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October 5, 2010

Colonial Williamsburg’s Haunts Come to Life at Night

History tells us of the many residents who lived and worked in the 18th-century capital of Virginia. Some may still be among us. Colonial Williamsburg’s programs offer tales of Williamsburg’s haunted history this fall.

Through Tavern Ghost Walks, guests hear spirited, interactive 21st-century folklore of Colonial Williamsburg’s Historic Area. The family-friendly, one-hour walking tour features modern-day ghost stories and experiences of guests and employees. Tours start at 7 p.m. and 8:30 p.m. daily through Nov. 24. Starting Nov. 25, times will change to 6:30 p.m. and 8 p.m. No tours will be given Dec. 5 because of Grand Illumination. Ticket: $12 for adults and $7 for children under 12.

As the sun sets and the moon rises, storytellers share some of the same legends that entertained families of centuries past during “Listen My Children: Legends, Myths and Fables for Families.” Bring the entire family to this gathering where you’ll hear fun and interesting stories that young and old will enjoy. 6:30 p.m. Coffeehouse backyard, Saturdays through Nov. 20, plus Sunday, Oct. 31 and Thursday, Nov. 25. Ticket: $12 for youth ages 6-17 and adults and $6 for children under 6.

During “Lanthorn Tours,” guests explore the shops and workplaces of 18th-century Williamsburg’s most accomplished tradespeople. Enter four shops and learn about masters, journeymen and apprentices, the technology of the trades, and the circumstances that shaped Virginia’s economy. Weather permitting. 7 and 8:30 p.m. Lumber House Ticket Office, Oct. 10 and Nov. 25. Ticket: $12 for youth ages 6-17 and adults, $6 for children under 6.

Past and present come together as Colonial Williamsburg guests and their families don their Halloween costumes and join in a walking tour, “Spooks and Spectres.” This program mixes modern ghost sightings with eerie stories from our colonial past. After the tour, guests enjoy cider and cookies in a tavern garden and perhaps hear a few more stories. All children must accompanied by an adult. 6:30 and 8 p.m. Oct. 29-30. Ticket: $15 for youth ages 6-17 and adults and $8.50 for children under six.

Guests are the jury in this candlelit inquiry into the charges of the witchcraft brought against Grace Sherwood in 1706 during the evening program, “Cry Witch.” Ask questions of the witnesses weigh the evidence and determine the guilt or innocence of the “Virginia witch.” Not appropriate for young audiences. 7:30 and 9 p.m. Capitol, Fridays through Nov. 19, Tuesdays, Oct. 5-Nov. 23, Wednesdays, Oct. 6-Nov. 24, Thursdays, Oct. 7-Nov. 25 and Sept. 29 and Oct. 25. Ticket: $15.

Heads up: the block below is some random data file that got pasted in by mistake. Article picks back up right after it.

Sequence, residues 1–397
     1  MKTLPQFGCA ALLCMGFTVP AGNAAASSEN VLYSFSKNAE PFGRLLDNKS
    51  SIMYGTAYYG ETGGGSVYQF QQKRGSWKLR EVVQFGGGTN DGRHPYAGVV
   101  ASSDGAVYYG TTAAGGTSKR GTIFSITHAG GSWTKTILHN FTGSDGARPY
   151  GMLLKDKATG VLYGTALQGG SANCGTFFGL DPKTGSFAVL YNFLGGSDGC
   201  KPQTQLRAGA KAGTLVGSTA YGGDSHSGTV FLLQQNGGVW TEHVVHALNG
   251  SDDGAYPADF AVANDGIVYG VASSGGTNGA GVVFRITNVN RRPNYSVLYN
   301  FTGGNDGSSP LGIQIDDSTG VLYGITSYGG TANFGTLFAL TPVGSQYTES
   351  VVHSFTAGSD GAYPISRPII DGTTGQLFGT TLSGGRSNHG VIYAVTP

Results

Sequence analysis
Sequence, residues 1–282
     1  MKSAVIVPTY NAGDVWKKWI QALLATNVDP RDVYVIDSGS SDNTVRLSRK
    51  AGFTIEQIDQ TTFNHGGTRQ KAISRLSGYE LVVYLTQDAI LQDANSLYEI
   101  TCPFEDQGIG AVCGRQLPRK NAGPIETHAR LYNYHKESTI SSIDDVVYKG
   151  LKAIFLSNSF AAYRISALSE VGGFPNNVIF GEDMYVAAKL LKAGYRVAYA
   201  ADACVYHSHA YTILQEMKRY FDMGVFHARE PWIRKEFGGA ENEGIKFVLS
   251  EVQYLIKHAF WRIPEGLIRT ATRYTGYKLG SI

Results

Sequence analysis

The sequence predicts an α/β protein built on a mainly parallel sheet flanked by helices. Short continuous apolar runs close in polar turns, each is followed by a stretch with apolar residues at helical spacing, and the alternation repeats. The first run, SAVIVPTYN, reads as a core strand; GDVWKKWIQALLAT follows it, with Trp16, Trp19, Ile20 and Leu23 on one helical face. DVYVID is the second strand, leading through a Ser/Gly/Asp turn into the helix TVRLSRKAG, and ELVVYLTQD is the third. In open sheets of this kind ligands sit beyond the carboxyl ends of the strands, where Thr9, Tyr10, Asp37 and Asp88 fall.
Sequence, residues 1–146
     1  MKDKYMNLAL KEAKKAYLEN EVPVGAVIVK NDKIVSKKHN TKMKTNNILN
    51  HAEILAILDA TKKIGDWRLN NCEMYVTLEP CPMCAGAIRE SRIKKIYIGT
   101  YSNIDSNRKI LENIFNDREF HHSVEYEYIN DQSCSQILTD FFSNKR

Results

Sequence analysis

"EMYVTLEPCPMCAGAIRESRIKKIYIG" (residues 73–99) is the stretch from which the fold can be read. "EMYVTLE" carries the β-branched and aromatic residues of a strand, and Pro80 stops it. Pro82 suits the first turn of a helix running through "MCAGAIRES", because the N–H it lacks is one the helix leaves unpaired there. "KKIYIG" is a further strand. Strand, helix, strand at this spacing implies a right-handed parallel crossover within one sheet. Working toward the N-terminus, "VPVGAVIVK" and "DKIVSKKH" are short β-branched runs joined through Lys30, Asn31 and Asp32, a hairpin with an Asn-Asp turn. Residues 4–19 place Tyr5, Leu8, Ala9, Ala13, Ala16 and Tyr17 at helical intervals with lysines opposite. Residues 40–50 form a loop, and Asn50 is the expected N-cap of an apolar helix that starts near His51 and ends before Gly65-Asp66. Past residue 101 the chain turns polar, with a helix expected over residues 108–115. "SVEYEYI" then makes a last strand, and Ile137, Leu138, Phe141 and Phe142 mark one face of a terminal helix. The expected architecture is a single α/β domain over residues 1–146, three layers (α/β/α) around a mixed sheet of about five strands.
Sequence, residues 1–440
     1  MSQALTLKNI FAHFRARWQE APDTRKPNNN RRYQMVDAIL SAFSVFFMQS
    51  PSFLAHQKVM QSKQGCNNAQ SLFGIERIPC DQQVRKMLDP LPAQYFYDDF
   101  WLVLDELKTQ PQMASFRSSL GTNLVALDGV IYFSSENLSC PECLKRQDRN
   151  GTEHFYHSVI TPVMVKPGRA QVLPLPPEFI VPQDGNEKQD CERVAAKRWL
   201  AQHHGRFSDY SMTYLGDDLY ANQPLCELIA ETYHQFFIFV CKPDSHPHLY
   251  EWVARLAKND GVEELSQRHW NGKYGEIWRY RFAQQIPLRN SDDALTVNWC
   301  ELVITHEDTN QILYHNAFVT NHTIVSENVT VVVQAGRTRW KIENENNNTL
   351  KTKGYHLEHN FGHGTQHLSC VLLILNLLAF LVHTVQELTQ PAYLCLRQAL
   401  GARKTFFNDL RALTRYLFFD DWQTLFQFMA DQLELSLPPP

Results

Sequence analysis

During the one-hour walking tour, “Ghosts Amongst Us,” enter the sites and meet ghostly inhabitants and those who have lived to tell of their supernatural experiences. Not appropriate for young audiences. 7 and 8:30 p.m. Lumber House Ticket Office, daily except Sept. 25 and Oct. 6, 13, 20 and 27. Ticket: $12.

When the notorious Blackbeard hoisted his flag, it signaled to his victims that their time on earth was up. But now Blackbeard is dead, and many of his crew have been tried and hanged here in Williamsburg. On this walking tour, “Pirates Amongst Us,” meet ghosts and ghouls of his crew and hear their own tales of knowing and working with this most famous of pirates. Not appropriate for young audiences. 7:30, 7:45, 8, 8:45 and 9 p.m., Secretary's Office, Saturdays through Nov. 20, Wednesdays, Oct. 6-27 and Wednesday, Nov. 24. Ticket: $12.

Eighteenth-century legal punishments were usually swift and often brutal. During “Cruel and Unusual?,” walk through the criminal justice system of the day by going back into the past and meeting three people of the time and hearing them describe their experiences. The experiences they share are from actual cases from 18th-century Virginia courts. Not appropriate for young audiences. 7, 7:15, 7:30, 7:45, 8:15, 8:30, 8:45 and 9 p.m., Secretary's Office, Tuesdays, Oct. 5-Nov. 23. Ticket: $12.

At the DeWitt Wallace Decorative Arts Museum, “Witchcraft in Colonial Virginia” examines how colonial Virginians shared a common belief in the supernatural and the existence of witches with their New England neighbors throughout the 17th and early 18th centuries during the lecture with Carson Hudson at 5:30 p.m. on Thursday, Oct. 28 and 3:30 p.m. Sunday, Oct. 31.

His book, “These Detestable Slaves of the Devill,” will be available for purchase in the Museum Store.

A Colonial Williamsburg admission ticket or museum ticket or Good Neighbor Card provides admission to the lecture.

Programs and exhibitions at the Colonial Williamsburg Foundation’s DeWitt Wallace Decorative Arts Museum are supported by the DeWitt Wallace Endowment Fund.

Entrance to Art Museums of Colonial Williamsburg is through the Public Hospital of 1773 at 326 W. Francis St.

For more information or to make reservations, call 1-800-HISTORY or (757) 229-2141.

The Colonial Williamsburg Foundation is the not-for-profit educational and cultural organization dedicated to the preservation, interpretation and presentation of the restored 18th-century Revolutionary capital of Virginia. This town-sized living history museum tells the inspirational stories of our journey to become Americans through programs in the Historic Area and through the award-winning Revolutionary City program.

Williamsburg is located in Virginia’s Tidewater region, 20 minutes from Newport News, within an hour’s drive of Richmond and Norfolk, and 150 miles south of Washington, D.C. For more information about Colonial Williamsburg, call 1-800-HISTORY or visit Colonial Williamsburg’s website at www.history.org.

Media Contact:
Penna Rogers
(757) 220-7121



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